"I love it that Ivy League coaches are coming to our camp and Big Ten coaches are coming to our camp. South Florida is coming. We've got about 70 schools that are coming to our camp."
2013-14 hockey season
jonvalk's Wallpaperpalooza (1/4)
Things in the Past. There were some great diaries that would have been required reading if this was yesterday. Paps previewed Wofford (this you saw on the front page), Erik_in_Dayton tackled the history of 15 seeds upsetting two seeds; it's happened seven times since 1991. That may be more fun to visit now that the danger is passed, if only to relive 2012 Duke.
The game was played only 55 miles from Duke’s campus, but it was also the site of the first round game for UNC. Tar Heel fans gladly joined in rooting for the Mountain Hawks.
Oh man, Duke. That was two years ago. Is it still acceptable to laugh about it?
It is considered acceptable to still laugh about this game.
Speaking of way-back, remember the Big Ten Tournament? LSA has stats on that.
Meanwhile MGoBlueline put a ton of effort into reintroducing the hockey team for the Big Ten Tourney and then who-knows in the plinko playoff system. But those guys lost to Penn State in double-OT (finishing 2-3 on the year against the hockey equivalent of our lacrosse team) and will need to be lucky to earn a tourney bid. There were plenty of things to go wrong, including really bad turnovers and the now-requisite game-winner that almost went in but didn't.
The hockey guys (Brian, Center Ice and Blueline) will cover the most unsurprising upset ever in more detail, but there was one thing that infuriated me all game, and that was Penn State's defensemen were pinching despite being rather bad backwards skaters, and only a few times did Michigan challenge this by speeding through the neutral zone. When they did move up-ice with any kind of urgency in the 3rd period, DeBlois and Nieves split defenders and got off great scoring opportunities.
Since we're now left watching tourneys and hoping the unworthy don't steal autobids, here's a handy graphic of the tournaments.
Things in the Future or Never. Interesting, quickly consumed diary by saveferris looks at the history of 1-4 seeds in the NCAA tournament. Survey says:
I just stole his lede here, so I'll tell you that there's a Burke gif at the top if you take the link. My guess is the closer seeds are to each other the more this will look like 50-50, i.e. the reason two-seeds won just 4 of 12 Finals games since 1985 is only 12 two-seeds have made the Finals.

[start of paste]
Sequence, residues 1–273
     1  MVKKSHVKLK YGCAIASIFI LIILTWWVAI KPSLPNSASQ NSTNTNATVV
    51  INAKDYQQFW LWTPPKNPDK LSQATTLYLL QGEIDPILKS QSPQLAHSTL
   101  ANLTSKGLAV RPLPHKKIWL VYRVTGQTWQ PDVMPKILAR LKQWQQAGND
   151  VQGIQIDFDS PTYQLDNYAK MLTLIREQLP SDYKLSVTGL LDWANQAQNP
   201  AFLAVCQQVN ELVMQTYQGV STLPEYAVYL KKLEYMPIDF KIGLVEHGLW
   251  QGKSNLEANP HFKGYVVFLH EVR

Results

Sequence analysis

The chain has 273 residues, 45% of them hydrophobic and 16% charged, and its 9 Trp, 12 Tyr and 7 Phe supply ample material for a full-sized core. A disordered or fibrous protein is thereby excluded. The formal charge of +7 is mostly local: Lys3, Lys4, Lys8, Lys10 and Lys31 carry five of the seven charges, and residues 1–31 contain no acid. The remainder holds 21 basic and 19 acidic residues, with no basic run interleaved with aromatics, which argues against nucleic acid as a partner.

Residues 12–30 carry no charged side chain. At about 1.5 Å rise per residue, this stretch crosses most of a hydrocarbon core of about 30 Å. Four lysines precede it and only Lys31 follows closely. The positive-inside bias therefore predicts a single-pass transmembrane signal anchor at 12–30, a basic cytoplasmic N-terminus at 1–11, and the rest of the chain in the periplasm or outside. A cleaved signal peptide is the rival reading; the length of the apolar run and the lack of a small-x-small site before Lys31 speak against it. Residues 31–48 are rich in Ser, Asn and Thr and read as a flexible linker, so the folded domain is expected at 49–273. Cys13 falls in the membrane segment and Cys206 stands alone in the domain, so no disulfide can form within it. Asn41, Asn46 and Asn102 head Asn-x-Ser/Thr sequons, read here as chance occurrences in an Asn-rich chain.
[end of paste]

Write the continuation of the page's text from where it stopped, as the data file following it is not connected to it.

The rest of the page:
|The other Sierra (soph. OF Sierra Lawrence) has a .462 OBP going into Big Ten play.|
And Softball. I could probably say this about the softball team most years, but I really really mean it this year: pay attention because they're on a new level of awesome fun awesome. They've carried a 19-6 record so far through an epic brutal schedule. South Bend Wolverine provided the update as the team is (finally) going into Big Ten play.
Thing to Know 1: Pitching is huge in softball; one great one will put a team in the Top 25. Michigan has three(!) such towers. I'll stop comparing junior Haylie Wagner to Verlander because her 0.93 ERA/13-0 record is more like Walter Johnson. Freshman sensation Megan Betsa has 63 strikeouts in 49 innings. Something's been off with junior Sara Driesenga, who was All-Big Ten both previous seasons, and picked up the slack last year when Wagner was out. If Sara returns to form the pitching is just going to be unfair.
Thing to Know 2: Star shortstop Sierra Romero's looks like Miguel Cabrera at the bat and in the field; in the comments Hail to the Blue points out her glove is fine but her arm's been erratic.
[Jump for Best of the Board]
My fellow Americans, the state of the union is lol. Abroad we have seen the greatest extension of three-point hegemony in our history. We have looked unto the face of Bo Ryan and lol'ed. Our troops deployed to the darkest reaches of Breslin, where the favored Izzo complained about every which thing, and we lol'ed. At home we have faced adversity and Hawkeyes, and won a great battle, and afterwards we lol'ed.
So I ask you, fellow Americans: how do we ensure the security of these lol's that we cherish?
- How long will Michigan remain atop the Big Ten standings?
- How long will the Big Ten remain the nation's best basketball conference?
- How long will the basketball team remain superior to the football and hockey teams?
Mathlete: With Michigan State's win at Iowa, this year has all the makings of a two horse race with Michigan State. In Big Ten play, anything is possible, but at least a share of the title is highly likely at this point. With McGary, Robinson and maybe Stauskas leaving early, next year could be a tough hill to climb, but Beilein has done more with less. Even though Michigan has been recruiting at a higher level, they've missed on several of their top targets and that will likely keep them from being a perennial elite, first tier team. But based on the track record of Beilein, this team isn't going to be far from the top of the conference any time soon.
|What's wrong, kitty cat? [Fuller]|
Last year's conference lineup was incredible, this year's may still be the best, but the teams do seem to be down a bit from last year. Last season the Big Ten had 7 of the KenPom top 26 and 8 of the top 40. This year the eighth best team is Nebraska at #74. Indiana is in the process of rebuilding, Illinois is wandering in the desert, Purdue has turned into a football sch-can't even finish typing that joke. The top of the Big Ten is outstanding but there is a little more breathing room in the mid and lower tiers than last season.